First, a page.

at least one wedge that is mounted in relation to the upper gear plate;
a clutch spring that is located within the lower gear plate so that an outside surface of the clutch spring may frictionally engage a central bore of the lower gear plate;
the clutch spring having two driving legs projecting radially inwardly and axially, by which the wedges are engaged;
a wedge spring having one turn and support splines projecting almost perpendicularly therefrom, the support splines engaging the at least one wedge and bias the at least one wedge so that the at least one wedge may engage an inner surface of the clutch spring; and
a driver extending between the lower gear, the clutch spring, the wedge spring, and the upper gear, the driver engaging a leg of the clutch spring that is mounted inside the lower gear plate so that, depending on the direction of driver rotation, the at least one wedge exerts gripping forces between a ring and the inside of the clutch spring.
2. The device according to claim 1 wherein the lower gear plate includes a plurality of external gear plate teeth and a central bore in which the driver is received, the upper gear plate being provided with internal teeth that engage the external teeth of the lower gear plate so that when the device is unlocked, the upper gear plate may rotate around the lower gear plate by respective gear plate teeth rolling in relation to each other.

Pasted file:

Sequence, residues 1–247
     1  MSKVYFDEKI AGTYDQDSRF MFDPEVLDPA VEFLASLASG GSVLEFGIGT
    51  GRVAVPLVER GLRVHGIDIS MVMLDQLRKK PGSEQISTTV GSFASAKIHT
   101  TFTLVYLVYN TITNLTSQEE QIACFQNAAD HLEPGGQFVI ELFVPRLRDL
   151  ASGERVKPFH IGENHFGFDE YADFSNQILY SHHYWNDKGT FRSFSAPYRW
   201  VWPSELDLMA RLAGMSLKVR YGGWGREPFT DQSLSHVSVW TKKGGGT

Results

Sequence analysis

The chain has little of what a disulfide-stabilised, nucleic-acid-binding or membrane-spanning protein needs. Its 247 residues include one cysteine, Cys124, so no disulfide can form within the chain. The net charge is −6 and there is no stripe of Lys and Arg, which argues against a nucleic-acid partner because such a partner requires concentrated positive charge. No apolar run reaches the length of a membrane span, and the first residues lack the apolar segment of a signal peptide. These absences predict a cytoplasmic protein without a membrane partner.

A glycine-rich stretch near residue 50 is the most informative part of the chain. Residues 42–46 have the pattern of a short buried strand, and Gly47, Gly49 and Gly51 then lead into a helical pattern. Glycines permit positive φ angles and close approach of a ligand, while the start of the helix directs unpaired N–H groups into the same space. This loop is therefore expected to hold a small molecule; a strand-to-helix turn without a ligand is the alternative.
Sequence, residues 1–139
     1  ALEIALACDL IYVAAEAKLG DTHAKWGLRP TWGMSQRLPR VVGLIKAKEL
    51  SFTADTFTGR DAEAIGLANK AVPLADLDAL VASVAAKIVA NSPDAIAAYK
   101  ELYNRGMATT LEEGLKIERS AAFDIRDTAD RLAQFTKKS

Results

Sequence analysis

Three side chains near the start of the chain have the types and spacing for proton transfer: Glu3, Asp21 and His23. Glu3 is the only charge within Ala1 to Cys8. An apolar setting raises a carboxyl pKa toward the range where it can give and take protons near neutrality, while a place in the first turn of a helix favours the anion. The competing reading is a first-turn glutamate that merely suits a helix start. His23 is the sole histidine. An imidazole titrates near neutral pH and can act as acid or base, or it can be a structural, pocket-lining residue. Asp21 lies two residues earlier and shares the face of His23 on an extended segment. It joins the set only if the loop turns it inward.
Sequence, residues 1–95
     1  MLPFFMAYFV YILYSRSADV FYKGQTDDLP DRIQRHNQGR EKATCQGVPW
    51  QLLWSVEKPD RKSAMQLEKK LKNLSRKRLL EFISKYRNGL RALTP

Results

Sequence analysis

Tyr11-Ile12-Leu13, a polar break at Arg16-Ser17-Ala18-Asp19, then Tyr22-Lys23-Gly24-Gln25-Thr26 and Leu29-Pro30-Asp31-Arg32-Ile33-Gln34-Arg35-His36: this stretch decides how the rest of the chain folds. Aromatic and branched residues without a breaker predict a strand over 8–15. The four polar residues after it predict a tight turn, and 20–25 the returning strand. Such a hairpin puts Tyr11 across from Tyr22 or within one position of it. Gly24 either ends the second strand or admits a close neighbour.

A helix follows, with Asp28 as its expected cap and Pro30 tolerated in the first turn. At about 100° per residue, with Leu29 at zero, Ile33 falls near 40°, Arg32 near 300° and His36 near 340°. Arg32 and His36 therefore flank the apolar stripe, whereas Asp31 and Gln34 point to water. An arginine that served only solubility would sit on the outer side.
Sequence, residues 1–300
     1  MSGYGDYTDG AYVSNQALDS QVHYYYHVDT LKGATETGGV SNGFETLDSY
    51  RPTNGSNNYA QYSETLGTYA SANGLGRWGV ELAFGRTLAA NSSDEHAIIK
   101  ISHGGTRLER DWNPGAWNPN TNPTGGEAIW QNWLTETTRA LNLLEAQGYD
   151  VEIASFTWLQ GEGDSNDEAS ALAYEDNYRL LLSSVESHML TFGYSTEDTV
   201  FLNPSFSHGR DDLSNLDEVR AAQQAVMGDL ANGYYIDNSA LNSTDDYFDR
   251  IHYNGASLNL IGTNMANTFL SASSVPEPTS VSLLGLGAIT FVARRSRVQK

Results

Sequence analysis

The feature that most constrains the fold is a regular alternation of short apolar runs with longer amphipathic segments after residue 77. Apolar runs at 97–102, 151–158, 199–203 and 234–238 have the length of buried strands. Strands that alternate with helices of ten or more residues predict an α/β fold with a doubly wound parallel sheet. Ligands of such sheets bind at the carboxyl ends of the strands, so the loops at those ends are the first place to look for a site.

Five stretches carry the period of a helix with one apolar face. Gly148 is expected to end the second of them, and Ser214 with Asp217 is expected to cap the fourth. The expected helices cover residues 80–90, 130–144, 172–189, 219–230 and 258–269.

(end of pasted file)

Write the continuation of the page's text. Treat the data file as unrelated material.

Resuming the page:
3. The device according to claim 1, wherein one or more of the at least one wedge have notches that receive the splines of the wedge spring, the splines biasing the one or more wedges at a broad side face thereof.
4. The device according to claim 3, wherein each wedge has at the broad side face thereof one notch that receives the spline of the wedge spring.
5. The device according to claim 1 wherein the lower gear plate includes a plurality of inner gear plate teeth and a central bore in which the driver is received, the upper gear plate being provided with external teeth that engage the internal teeth of the lower gear plate so that when the device is unlocked, the upper gear plate may rotate around the lower gear plate by respective gear plate teeth rolling in relation to each other.